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Doing more for less: chief execs' real-terms pay cut

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Commentary on chiefs’ falling pay.

The choreography of local government’s national employers and the TaxPayers’ Alliance over the past 24 hours was up there with that of Torvill and Dean.

Well, it was a truly beautiful thing if your main goal is to diminish the standing of councils’ top officers (not that LGC is accusing the employers of that).

No sooner had employers offered council chiefs a below-inflation pay rise than the right-wing, small state extremists, sorry – we mean “Britain’s grassroots campaigning group dedicated to reforming taxes, cutting spending and protecting taxpayers” – was bashing senior officers with its annual ‘Town Hall Rich List’.

“FAT CATS GET FATTER,” was The Sun’s take on it. “Council chiefs’ pay hiked by thousands as ordinary Brits see taxes soar.”

“Councils can’t pay bosses more than the prime minister then cry about being strapped for cash,” said the TPA’s campaign manager Chloe Westley in City AM.

She continued: “Some argue that these high salaries are necessary to avoid talented staff being poached by the private sector. But I’ve not heard of a single FTSE 100 company going around local councils to search for possible recruits.

“What’s more, local authorities do not face the same pressure that private firms do – they spend money, but do not face the daily pressure of competition for revenue.”

The Sun complained that “at least 251 councils out of 351 in England and Wales that The Sun examined spent more paying their CEO’s paypackets [sic] compared to the year before.”

The flipside of this is presumably that there was no evidence that 100 chief executives have got a pay rise when inflation is currently 2.6%.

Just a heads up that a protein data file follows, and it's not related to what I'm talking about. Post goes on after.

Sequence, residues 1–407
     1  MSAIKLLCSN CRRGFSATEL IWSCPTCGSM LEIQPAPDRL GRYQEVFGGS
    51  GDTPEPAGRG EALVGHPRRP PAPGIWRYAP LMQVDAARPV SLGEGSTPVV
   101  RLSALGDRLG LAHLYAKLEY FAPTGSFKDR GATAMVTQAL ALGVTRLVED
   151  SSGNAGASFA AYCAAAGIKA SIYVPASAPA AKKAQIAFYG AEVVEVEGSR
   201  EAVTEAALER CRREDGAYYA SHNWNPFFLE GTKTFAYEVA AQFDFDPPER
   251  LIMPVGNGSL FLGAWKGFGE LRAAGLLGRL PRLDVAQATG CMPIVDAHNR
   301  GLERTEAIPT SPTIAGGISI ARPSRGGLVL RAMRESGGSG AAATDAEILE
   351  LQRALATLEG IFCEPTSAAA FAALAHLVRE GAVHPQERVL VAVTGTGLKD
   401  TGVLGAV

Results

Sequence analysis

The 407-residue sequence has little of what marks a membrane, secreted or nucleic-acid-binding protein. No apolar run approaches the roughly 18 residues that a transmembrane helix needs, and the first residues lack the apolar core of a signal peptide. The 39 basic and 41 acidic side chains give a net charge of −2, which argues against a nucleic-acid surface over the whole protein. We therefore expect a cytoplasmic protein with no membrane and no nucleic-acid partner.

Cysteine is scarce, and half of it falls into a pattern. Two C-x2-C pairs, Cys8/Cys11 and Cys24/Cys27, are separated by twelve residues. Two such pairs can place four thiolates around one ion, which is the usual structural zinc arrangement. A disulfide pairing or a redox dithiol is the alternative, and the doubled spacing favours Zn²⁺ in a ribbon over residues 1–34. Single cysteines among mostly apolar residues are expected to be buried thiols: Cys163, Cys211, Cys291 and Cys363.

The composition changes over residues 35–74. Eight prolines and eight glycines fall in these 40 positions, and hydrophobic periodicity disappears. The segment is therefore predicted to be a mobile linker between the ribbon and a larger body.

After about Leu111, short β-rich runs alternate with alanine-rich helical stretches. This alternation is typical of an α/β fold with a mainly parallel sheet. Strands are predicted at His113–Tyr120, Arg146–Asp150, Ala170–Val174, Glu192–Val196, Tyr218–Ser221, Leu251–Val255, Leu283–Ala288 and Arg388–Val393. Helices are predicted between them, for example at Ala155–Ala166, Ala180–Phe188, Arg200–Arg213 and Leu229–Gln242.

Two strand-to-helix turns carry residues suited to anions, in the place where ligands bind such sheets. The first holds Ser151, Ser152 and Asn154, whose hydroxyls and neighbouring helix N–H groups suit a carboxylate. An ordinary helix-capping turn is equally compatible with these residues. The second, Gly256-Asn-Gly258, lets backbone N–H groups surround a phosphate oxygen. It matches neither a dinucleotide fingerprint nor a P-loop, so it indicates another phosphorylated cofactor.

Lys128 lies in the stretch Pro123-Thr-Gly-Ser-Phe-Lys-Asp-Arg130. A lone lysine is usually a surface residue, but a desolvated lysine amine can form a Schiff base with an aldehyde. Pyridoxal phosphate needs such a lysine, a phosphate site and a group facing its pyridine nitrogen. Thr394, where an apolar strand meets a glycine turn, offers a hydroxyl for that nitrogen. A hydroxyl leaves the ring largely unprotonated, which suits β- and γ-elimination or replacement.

Indeed the 1% offer for one year put forward by national employers yesterday would effectively result in a real-terms pay cut of 1.6%. Not that the national employers face an easy task – the pot of money they have to play with is diminishing: spend more on pay and you have less for services. Give chief execs more and there is less for less senior staff.

Unions have reluctantly agreed to the employers’ offer that rank and file council workers will get a 2% rise – or a 0.6% real-terms fall based on the current inflation rate – over each of the next two years. At every level the appeal of local government careers diminishes further due to increased workloads. Fewer staff often either equates to more work for those who survive or service reductions.

As Hart DC joint chief executive Patricia Hughes put it on Twitter: “Restructures of Chief Officer roles have also impacted - for us reducing 3 leadership roles to 2. We earn less now, than the Chief Exec of Hart District Council did in 2013 so recent headlines about Chief Exec pay certainly don’t apply here or consistently across #localgov.”

Numerous chief executives have privately expressed concern to LGC that their organisations are losing the talent which would supply the candidates to fill top jobs in future. Senior roles in children’s services or in digital transformation are particularly problematic to fill.

Austerity is adding to workloads and reducing pay (on any reasonable measure of it). The private sector provides an ever-greater lure. Those remaining in post have to contend with grave responsibilities such as ensuring the welfare of the most vulnerable children and adults, providing safe housing and spearheading regeneration efforts upon which their community’s future depends. In all of these efforts they are continually striving to do more with less.

As Tracey Lee, chair of the Association of Local Authority Chief Executives & Senior Managers, put it when rejecting the employers’ offer: “Chief executives are asked to provide leadership of the highest quality and resilience in transforming councils, delivering public service reform and securing economic and housing growth.”

If you want resilient, bold and transforming leaders, you are in a competition with others to recruit and retain them. Chief executives deserve a status that befits their growing role as the lead coordinating public sector leader in their area – and a fair pay rise.

Nick Golding, editor, LGC

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Readers' comments (1)

  • In real terms CX salaries are far less than 10 years ago ..the job is not less onerous than then and in many ways is tougher....I don’t recall seeing the salaries of newspaper editors or those employed by the so called”Taxpayers Alliance” being scrutinised ...wonder why?

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